The most intense contest on Saturday at the Holkar Stadium was the thrilling chase between a bunch of hefty security men and a bald-headed semi-streaker. It was the slow reaction time of the men in uniform that saw the fence-jumping, shirtless fan just about win the race to sneak into the Indian huddle and touch Virat Kohli's feet.
Meanwhile, as for the feature event, the India-Bangladesh Test, it was more of a one-sided exhibition tie that toggled seamlessly between India's overwhelming superiority and Bangladesh's inferiority. The Saturday crowd 16,000 raised the proverbial roof when wickets fell and mocked the visitors when they looked technically inept to play the longest, and the most difficult, format of the game.
Virat Kohli & Co.'s 130 run-win — their third straight innings victory and a record sixth consecutive Test match triumph at home — was further evidence that the cricket-watching experience of fans during home Tests has well and truly been changed. These days there's no tumult, no anxiety, no anguish, or even euphoria over the fall of the final wicket.
For those following the World No.1 Test side at home, it's just a wait for the eventuality when Kohli takes the victory lap. This change is a tribute to the team that has kept complacency far from the dressing room. As the team’s batting coach Vikram Rathour said after the win: “It's the team culture, it's not about batting or bowling. The team wants to be the No.1 team in the world. That's why you see the hunger.”
The fat lady no longer bothers to turn up at stadiums for India games. She stays put at home, mourning her irrelevance. At Indore, all the singing was done by the fans for Kohli and his fast bowlers. The wait didn't last long. On a sporting pitch, Kohli’s team finished the Test in three days.
First, a few numbers to highlight the disparity between the two teams. The grand total of Bangladesh's first-innings score and runs scored by their top order in the second — 150 and 72/5 — happens to be less than Mayank Agarwal's 243. Four of their bowlers bowled 89 overs between them for just 2 wickets. In their first innings, four Bangladesh bowlers — Ebadat Hossain, Abu Jayed, Taijul Islam and Mehidy Hasan Miraz — went for over 100 runs each. For India on Day 1, the three quicks — Ishant Sharma, Umesh Yadav, Mohammad Shami — conceded only 94 runs between them.
Beyond these depressing numbers there was more darkness looming on Bangladesh's Test horizon. The visiting openers couldn't play the moving the ball, their middle-order didn't have the patience to grind out and at least one tailender backed off towards the square-leg umpire when facing the quicks.
Openers Shadman Islam and Imrul Kayes weren't equipped to deal with the new red ball, and inspired little confidence as to how they would fare against the pink ball in less than a week's time. They didn't quite cover the line and try to read the swing or seam movement. Ishant's consistent off-stump line and the away movement was way too much to handle for the men more used to playing in coloured clothing and facing the white ball.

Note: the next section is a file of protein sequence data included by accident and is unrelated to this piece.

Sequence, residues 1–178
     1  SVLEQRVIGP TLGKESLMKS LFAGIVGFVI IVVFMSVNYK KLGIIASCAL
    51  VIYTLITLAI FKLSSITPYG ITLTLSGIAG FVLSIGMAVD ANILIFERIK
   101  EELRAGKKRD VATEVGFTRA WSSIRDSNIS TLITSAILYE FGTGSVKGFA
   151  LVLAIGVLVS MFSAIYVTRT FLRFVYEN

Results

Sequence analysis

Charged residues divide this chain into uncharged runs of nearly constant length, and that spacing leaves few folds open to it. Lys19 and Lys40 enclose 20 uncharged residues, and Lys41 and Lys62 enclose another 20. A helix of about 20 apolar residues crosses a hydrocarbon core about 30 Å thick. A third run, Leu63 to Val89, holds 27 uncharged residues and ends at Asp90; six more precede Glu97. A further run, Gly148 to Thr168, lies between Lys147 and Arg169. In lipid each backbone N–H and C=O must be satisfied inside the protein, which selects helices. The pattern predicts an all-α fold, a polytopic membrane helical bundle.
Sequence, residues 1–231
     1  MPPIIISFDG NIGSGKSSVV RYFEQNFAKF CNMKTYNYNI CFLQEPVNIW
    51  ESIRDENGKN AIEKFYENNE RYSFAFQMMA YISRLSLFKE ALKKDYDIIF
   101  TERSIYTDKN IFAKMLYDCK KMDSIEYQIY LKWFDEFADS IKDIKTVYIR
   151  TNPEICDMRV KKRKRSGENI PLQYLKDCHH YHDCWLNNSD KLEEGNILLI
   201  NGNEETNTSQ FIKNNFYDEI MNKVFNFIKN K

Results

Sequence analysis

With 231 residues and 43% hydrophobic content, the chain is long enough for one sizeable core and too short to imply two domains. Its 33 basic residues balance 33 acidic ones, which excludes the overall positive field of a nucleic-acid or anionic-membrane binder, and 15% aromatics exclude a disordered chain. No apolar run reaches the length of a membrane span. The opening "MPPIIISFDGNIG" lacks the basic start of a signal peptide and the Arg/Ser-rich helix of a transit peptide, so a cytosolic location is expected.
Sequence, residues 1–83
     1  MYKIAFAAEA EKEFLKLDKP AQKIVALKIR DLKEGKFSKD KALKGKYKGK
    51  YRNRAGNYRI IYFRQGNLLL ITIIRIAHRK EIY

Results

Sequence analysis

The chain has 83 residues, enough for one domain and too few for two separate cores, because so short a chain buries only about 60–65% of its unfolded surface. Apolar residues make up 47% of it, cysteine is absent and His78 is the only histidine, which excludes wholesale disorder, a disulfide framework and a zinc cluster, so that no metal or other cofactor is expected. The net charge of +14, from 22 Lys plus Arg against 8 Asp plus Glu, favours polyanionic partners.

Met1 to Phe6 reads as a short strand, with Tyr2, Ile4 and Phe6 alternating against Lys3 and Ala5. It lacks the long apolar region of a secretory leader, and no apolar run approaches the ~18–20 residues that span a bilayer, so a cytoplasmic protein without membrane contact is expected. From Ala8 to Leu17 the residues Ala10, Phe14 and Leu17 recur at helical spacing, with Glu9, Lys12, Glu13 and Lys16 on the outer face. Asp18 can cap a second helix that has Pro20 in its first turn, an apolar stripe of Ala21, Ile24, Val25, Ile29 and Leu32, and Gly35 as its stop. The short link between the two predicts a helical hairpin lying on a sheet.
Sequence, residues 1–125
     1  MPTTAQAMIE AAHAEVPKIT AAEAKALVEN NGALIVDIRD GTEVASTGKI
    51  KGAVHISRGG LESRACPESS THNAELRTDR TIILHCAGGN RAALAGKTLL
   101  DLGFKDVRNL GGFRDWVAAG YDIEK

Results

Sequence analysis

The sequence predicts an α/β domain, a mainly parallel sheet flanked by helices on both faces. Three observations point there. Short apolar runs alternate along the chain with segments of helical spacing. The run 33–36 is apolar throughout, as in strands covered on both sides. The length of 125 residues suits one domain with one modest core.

The three Ms — Mominul Haque, Mushfiqur Rahim and Mahmudullah — did show shades of Test match temperament, but they don't have it in them to be the team's mainstay. In the absence of the main batting stars — Tamim and Shakib — they were pushed into the limelight, but they were found wanting. Mushfiqur's 150-ball 64 in the second innings can qualify to be called good only when there's no Shakib hundred in the scoreboard. In Indore, all that the diminutive batsmen, who famously squandered a famous T20 chase against India three years ago, got was sympathy.
The worst advertisement of Bangladesh cricket was the sight of the tailenders at the crease. In an era when teams bat deep, the visiting bowlers were backing off towards the square leg umpire when facing Umesh Yadav and Mohammed Shami. Aware of Umesh's consistency with his toe-crushers, they hopped around on the crease even before the ball was released.
It was the kind of humiliating loss that can trigger several drastic thoughts in the losing side’s dressing room. Seniors start thinking about retirement and juniors get riddled with self-doubts. With an easier and shorter format as a very viable option, these Test misfits might be tempted to embrace the high-paying T20 franchise model.
Bangladesh's new coach Russell Domingo has a task at hand. He needs to motivate his defeated side. He has spoken about phasing out the seniors and also following the Indian model. "Bangladesh needs to do so by trying to develop fast bowlers, prepare wickets that help fast bowlers. India no longer rely on spinners. They will prepare good wickets and back their fast bowlers to do the business," Domingo said.
Bangladesh’s falling Test standard isn’t just a problem for coach Domingo or the Bangladesh cricket officials who are still reeling after the latest corruption scandal involving their biggest star. Even for the International Cricket Council (ICC), which is banking on the ongoing World Test Championship to monetise Test cricket, the three-day India-Bangladesh finish could be a cause of concern. India with 300 points, and 6 wins from as many games, is at the top of the table while Bangladesh is yet to open its account. New Zealand is in the second spot, trailing by 240 points.
The Test Championship has certainly given context to Test cricket. But one-sided three-day games are a spoiler. Indore filled the stadium on Saturday and cheered India all day long. On Sunday, they would have turned up again, but Bangladesh’s Test match incompetence killed the contest.
Minus the magical intensity, edge-of-the-seat drama, riveting suspense that even makes the neutrals excited, sport loses its essence. India can’t be blamed for it, the world needs to raise the bar.